The Long Con #1 From Oni Press Gets Second Printing For One Dollar

by Hannah Means Shannon

Oni Press debuted the first issue of The Long Con at San Diego Comic-Con, appropriately, and we interviewed the team right here at Comicon.com during the week of the comic’s release.

Oni Press have now announced that the first issue of The Long Con from Dylan Meconis (Family Man, Bite Me!), Ben Coleman (Portland Mercury film reviewer), webcomic artist EA Denich, M. Victoria Robado (Jem and the Holograms), and letterer Aditya Bidikar, is getting a second printing.

The collector’s edition reprint will be out August 29th, and will be priced at $1 to celebrate.

Check out this response from the creative team about convention life:

HMS: “It’s the whole world” is a quote in the first issue about the convention. While conventions often feel like this in good and bad ways, what have you noticed about fandom at conventions that impressed or intrigued you?

Dylan: ​I really love seeing unvarnished enthusiasm between strangers: “oh my gosh your costume is ​amazing​!!” and “that book changed my life!” and “WHERE DID YOU GET THAT SHIRT” etc. In the normal world we see things that make us want to reach out, but our desire to not bother people or come off as creepy usually prevents us. Or we don’t cross paths at all, or our points of possible connection are hidden. At a show, we all know we have one thing in common – we’re the kind of people who would go to a comic-con. Now it’s just a matter of finding out how much ​more ​you share. People literally wear their passions on their sleeves, and that means a lot more connections across the demographic lines that usually silo us.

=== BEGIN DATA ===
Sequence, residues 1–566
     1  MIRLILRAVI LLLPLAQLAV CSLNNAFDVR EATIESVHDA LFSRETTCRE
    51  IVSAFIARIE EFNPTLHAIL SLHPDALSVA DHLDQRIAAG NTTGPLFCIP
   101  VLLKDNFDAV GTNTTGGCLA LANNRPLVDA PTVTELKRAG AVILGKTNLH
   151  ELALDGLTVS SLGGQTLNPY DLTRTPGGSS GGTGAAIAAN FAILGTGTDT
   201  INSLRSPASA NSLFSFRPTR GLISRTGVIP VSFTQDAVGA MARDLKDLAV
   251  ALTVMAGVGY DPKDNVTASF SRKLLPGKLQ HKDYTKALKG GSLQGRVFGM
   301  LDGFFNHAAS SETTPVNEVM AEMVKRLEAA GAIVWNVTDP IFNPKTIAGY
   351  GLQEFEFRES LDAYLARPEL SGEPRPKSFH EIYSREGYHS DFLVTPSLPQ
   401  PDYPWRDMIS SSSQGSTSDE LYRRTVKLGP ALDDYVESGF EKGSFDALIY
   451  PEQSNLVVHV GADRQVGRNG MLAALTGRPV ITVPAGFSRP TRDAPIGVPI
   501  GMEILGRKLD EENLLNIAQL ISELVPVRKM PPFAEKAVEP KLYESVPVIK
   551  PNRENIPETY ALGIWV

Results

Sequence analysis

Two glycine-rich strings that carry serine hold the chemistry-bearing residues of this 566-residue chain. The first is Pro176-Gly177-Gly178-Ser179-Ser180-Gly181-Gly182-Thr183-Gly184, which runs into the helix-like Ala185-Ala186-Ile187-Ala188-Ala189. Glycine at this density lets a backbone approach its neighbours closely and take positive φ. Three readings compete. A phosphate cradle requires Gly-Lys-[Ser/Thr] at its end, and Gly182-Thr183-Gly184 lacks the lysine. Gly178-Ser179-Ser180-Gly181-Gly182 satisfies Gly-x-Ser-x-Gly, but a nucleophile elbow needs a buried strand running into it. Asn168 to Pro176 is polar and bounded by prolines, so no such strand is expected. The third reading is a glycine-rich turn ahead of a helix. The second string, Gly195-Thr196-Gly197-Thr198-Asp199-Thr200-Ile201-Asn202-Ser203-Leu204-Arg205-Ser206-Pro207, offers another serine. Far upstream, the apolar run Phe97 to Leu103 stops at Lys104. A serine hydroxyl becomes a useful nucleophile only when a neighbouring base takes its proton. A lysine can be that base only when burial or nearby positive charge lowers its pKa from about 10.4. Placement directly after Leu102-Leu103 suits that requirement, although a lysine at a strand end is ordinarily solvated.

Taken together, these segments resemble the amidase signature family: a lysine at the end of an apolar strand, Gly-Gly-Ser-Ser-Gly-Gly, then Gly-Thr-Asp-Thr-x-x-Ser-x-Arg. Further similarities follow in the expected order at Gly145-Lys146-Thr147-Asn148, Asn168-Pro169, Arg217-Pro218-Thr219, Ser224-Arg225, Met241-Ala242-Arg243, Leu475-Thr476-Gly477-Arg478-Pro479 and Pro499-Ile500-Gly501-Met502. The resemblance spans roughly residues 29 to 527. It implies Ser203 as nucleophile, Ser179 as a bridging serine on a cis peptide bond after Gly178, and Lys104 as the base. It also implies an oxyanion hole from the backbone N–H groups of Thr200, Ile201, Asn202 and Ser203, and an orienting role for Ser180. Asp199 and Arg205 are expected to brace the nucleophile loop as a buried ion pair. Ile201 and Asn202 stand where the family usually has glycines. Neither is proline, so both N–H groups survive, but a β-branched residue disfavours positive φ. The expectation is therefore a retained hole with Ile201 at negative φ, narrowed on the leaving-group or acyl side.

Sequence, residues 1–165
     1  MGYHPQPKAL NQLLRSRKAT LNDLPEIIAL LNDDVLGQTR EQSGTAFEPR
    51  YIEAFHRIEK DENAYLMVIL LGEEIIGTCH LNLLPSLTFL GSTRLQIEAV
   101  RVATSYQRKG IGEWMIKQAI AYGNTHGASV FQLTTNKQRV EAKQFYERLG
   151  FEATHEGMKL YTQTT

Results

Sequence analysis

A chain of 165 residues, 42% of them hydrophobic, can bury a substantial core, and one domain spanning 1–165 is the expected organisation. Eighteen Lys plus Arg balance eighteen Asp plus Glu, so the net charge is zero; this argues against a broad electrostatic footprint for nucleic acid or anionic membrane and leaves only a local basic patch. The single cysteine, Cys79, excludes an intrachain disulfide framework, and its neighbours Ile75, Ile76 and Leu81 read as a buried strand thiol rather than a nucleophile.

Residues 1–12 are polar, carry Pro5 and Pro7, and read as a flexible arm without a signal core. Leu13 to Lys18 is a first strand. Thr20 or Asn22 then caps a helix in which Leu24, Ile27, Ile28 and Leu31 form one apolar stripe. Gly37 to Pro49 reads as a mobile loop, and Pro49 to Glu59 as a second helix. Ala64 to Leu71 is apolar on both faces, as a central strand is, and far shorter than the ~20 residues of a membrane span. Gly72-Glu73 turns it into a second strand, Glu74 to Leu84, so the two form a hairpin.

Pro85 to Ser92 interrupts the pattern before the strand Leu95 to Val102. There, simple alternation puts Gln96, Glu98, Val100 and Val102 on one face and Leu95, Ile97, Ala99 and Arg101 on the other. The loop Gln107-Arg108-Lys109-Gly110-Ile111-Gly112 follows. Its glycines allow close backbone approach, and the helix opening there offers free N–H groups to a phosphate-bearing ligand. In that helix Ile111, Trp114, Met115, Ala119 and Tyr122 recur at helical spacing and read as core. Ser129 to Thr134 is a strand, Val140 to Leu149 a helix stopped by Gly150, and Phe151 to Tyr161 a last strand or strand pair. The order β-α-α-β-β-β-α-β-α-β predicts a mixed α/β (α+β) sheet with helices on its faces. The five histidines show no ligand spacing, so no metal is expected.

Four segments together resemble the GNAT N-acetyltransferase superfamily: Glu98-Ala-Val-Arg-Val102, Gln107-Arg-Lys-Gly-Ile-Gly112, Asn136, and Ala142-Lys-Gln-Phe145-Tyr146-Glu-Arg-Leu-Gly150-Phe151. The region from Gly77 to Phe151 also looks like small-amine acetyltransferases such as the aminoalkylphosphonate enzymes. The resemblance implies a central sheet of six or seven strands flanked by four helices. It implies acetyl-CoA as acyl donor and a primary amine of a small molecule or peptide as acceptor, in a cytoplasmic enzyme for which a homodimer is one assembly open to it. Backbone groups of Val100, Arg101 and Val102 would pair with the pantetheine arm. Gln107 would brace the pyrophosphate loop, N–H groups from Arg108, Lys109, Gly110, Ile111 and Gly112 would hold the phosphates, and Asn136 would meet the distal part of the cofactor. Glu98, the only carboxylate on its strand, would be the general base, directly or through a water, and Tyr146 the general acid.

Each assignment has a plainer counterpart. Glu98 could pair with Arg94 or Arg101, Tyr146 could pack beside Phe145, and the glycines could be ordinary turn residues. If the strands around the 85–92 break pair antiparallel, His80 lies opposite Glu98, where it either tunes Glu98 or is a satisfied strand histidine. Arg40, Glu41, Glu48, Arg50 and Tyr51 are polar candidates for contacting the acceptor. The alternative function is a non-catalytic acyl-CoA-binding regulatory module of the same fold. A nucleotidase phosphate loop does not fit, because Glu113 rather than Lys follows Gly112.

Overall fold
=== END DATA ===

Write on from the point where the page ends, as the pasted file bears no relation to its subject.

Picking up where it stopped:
Ben:​ For a lot of con kids that “whole world” bit isn’t an exaggeration, at least for a few days. You’re eating your meals sitting cross-legged on convention carpet, you’re sleeping 3 to a Marriott bathtub, you’re seeing people in person that you’ll be talking with online for the rest of the year. It’s a really intense experience, and it tends to produce intense emotions as a result. That can be a good thing and a bad thing, obviously. You don’t have people waiting 10 hours in line to see a 30 second clip of a new opera (I don’t think). But the flip side is that level of dedication and intensity (and over-stimulation and sleep desperation) can muddy the waters as to what kind of behavior is socially acceptable. That’s just a good playground to tell stories in, and that’s even before you throw everyone into a “Lord of the Flies” style power vacuum

Emilee: ​Con World is definitely its own pocket universe. Where else could you become best friends with Batman while standing in a line for 6 hours, and then buy a $500 statue of him in the same day? My favorite part of it, however, is that everyone is there for the same reasons, so the day to day awkward barrier we have with strangers is gone, and everyone can bond together over the things we love.

In The Long Con:

Five years ago, a cataclysmic event obliterated everything within a fifty mile radius of the Los Spinoza Convention Center—including the attendees of Long Con, the world’s biggest (and longest) comic convention. But unknown to the outside world, the con-goers not only survived, they kept the convention going.

Look out for this bargain price introduction to a great new series on August 29th, 2018.

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